Dec. 5 (Bloomberg) -- One in 10 American homeowners fell behind on mortgage payments or were in foreclosure during the third quarter as the world’s largest economy shed jobs and real estate prices tumbled.
The share of mortgages 30 days or more overdue rose to a seasonally adjusted 6.99 percent while loans already in foreclosure rose to 2.97 percent, both all-time highs in a survey that goes back 29 years, the Mortgage Bankers Association said in a report today. The gain in delinquencies was driven by an increase of loans with payments 90 days or more overdue.
“Until we see a turnaround in the job situation, we’re not going to see these numbers improve,” said Jay Brinkmann, chief economist of the Washington-based bankers group, in an interview. “We’re seeing more loans build up in the 90-days bucket as lenders work to modify loans and states put in place programs that delay foreclosures.”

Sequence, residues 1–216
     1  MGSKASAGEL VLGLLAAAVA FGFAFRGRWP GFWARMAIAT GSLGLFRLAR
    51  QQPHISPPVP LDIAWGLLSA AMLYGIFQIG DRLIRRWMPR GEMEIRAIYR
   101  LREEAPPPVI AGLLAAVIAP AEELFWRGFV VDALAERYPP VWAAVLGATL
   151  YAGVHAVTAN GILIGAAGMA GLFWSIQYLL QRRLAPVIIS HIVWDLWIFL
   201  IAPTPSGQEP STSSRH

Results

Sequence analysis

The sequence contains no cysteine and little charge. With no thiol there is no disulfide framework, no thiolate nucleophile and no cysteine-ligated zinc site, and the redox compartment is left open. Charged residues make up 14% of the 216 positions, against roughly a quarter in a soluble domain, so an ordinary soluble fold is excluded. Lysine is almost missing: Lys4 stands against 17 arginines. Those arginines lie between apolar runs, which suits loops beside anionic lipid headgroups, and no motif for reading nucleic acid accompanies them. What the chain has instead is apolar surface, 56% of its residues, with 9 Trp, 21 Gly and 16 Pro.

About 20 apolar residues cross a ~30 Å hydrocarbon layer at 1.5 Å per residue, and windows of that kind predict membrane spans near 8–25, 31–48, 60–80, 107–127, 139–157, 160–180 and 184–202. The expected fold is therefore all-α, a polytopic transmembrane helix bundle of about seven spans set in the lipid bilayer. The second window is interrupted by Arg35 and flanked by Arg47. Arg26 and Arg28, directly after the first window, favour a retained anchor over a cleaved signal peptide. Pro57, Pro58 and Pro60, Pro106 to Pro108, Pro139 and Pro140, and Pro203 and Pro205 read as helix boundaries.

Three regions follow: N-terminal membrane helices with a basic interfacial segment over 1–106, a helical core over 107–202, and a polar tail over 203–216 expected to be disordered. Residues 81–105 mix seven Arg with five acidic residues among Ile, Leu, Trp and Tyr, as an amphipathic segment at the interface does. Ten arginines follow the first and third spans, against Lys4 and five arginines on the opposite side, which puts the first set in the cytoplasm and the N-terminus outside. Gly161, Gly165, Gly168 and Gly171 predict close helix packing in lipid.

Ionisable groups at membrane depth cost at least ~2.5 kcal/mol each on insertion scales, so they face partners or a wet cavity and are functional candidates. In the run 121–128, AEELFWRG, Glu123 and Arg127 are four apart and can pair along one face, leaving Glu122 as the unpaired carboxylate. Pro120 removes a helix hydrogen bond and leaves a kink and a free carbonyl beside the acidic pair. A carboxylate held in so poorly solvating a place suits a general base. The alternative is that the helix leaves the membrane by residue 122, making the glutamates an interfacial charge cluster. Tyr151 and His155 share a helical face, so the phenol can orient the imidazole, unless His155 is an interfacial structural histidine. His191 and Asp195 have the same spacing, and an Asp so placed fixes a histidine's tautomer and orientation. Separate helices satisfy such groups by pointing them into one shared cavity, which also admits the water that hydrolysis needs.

The U.S. economy has shed 1.91 million jobs this year, while falling home prices have made it difficult for people who can’t pay their mortgages to sell their property. Payrolls declined in each month of 2008 through November, the Labor Department said today in Washington.
New foreclosures fell to 1.07 percent from 1.08 percent in the second quarter as some states enacted laws to temporarily stop home repossessions and lenders increased efforts to modify the terms of loans, Brinkmann said.
OK, yes I am still a little bitter of people saying "financial affirmative action for minorities" caused the current financial crisis. Yep, not enough Darkies brought Caddies...